posted by Jazz Hands at 6:51 AM on March 16, 2011

Sorry, more questions: Do you have stitches that need to be taken out in a week at their office? I'd confirm the diet instructions with them, when they check healing.

It seems to me, what you are calling a "Liquid" diet, is in fact a "Soft Food" diet, which is a lot easier to get calories in with some variety and flavor. A lot of flavors can be put into scrambled eggs, mashed potatoes, grits, roasted cauliflower, squash, root veggies can be smashed up with chicken broth. Soft cheeses, most canned soups are good. Even PBJ sandwiches, egg salad sandwiches on very soft bread(Maybe cut the crusts off)

I think the main concern with harder foods such as corn chips, is that they can poke into the surgical site and tear open the incision. It isn't so much that the tooth gets a little biting pressure, it's the wound site is healing. Three weeks of soft diet is more than we put people on after major extractions, so I'm a little confused by your instructions. (Again, unless we are talking about tissue/bone grafting)
posted by Jazz Hands at 7:11 AM on March 16, 2011

When I had my wisdom teeth extracted, I ate lots of very soft scrambled egg. In the first few days I also sucked on spoonfuls of peanut butter in the beginning which had the advantage that you don't need to eat a lot of PB to feel full. Sticks to your gums/tongue, but somehow that was not a problem for me. Later, apple sauce.

(I also had stocked up on jarred baby food. I ate two spoonfuls and then threw away, like, 5 jars, because it was so disgusting and slimy, even though I'd gone for the most expensive "gourmet" brand.)
posted by The Toad at 8:47 AM on March 16, 2011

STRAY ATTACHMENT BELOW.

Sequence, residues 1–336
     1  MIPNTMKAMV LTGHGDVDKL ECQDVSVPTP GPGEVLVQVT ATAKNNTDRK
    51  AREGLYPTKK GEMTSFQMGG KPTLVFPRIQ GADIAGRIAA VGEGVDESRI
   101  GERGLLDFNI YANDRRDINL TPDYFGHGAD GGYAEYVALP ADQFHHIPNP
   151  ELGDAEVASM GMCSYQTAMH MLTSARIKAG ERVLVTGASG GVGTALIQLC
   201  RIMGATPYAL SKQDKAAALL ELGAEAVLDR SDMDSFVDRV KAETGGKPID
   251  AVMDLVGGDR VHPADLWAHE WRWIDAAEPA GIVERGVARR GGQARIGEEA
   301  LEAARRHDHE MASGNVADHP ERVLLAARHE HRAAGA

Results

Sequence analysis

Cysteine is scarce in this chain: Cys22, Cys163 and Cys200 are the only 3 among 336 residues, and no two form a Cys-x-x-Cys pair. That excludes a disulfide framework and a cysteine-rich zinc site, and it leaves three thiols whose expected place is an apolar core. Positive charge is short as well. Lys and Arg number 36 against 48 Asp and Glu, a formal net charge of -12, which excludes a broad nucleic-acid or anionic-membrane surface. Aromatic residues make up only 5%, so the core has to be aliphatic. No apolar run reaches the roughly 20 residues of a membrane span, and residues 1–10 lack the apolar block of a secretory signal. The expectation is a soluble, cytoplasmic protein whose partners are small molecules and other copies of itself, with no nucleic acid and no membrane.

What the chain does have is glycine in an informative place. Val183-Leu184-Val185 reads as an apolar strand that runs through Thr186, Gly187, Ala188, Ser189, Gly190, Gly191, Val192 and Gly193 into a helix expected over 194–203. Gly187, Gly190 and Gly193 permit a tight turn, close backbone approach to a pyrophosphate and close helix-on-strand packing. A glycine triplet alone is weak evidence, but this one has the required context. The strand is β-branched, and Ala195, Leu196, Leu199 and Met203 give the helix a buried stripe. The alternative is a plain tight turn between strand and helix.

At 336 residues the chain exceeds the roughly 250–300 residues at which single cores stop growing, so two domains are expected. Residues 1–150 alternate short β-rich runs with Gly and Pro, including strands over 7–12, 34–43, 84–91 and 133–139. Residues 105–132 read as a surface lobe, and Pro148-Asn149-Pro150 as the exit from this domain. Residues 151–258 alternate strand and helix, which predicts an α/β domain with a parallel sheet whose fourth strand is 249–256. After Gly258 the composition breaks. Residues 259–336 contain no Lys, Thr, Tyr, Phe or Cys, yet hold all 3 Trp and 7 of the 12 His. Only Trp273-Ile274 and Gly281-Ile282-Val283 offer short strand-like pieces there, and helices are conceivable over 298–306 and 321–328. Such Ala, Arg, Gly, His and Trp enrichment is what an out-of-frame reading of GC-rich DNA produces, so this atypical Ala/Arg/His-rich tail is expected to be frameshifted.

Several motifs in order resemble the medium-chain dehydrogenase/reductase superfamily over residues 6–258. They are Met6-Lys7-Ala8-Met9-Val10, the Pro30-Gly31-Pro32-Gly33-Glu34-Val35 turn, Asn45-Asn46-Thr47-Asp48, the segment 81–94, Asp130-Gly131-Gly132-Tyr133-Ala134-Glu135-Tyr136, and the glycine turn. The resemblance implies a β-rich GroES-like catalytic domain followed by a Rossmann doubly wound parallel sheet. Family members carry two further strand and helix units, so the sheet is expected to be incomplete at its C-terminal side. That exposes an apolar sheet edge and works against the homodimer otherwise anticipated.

After my wisdom teeth excited my mouth I lived for days on exclusively yogurt, liquid soup, hummus (yes, off a spoon by itself), and supplemented it all with protein-rich baby food (chicken puree and such). Once I could open my mouth a little bit and move my tongue without pain I ate a lot of curries and pasta that was boiled very-very well. The trick was to squish whatever was not liquid against the roof of my mouth with my tongue instead of chewing.

Baby food does not taste good. No wonder babies spit it out!
posted by Shusha at 8:55 AM on March 16, 2011

My go-to food for soft diets is a can of Dinty Moore beef stew. Put a spoonful in a bowl and use a knife/fork to smash it all up into the tiniest of pieces. Because they are canned, they are very soft so you can squish them against the roof of your mouth (like Shusha mentions).

Other canned pasta/stew-type foods will work, as will soup, even if it has little bits of stuff in it. Either mash the bits up, or strain them out and eat the liquid part. It's a good way to get more complex savory flavors. After days of sweet soft stuff, I was dying for savory.
posted by CathyG at 9:03 AM on March 16, 2011

Peach Kefir. Nectar of the gods.
Hmm. That link doesn't make it look so good. But you can buy it at Trader Joe's.
Seriously good.
posted by SLC Mom at 9:25 AM on March 16, 2011

Response by poster: Jazz Hands: "Do you have stitches that need to be taken out in a week at their office?"
Yes. And then I'm having a second crown lengthening done... and a second week of stitches. Add a third week for healing if necessary? I'm assuming that, by April 1st, I'll be through this.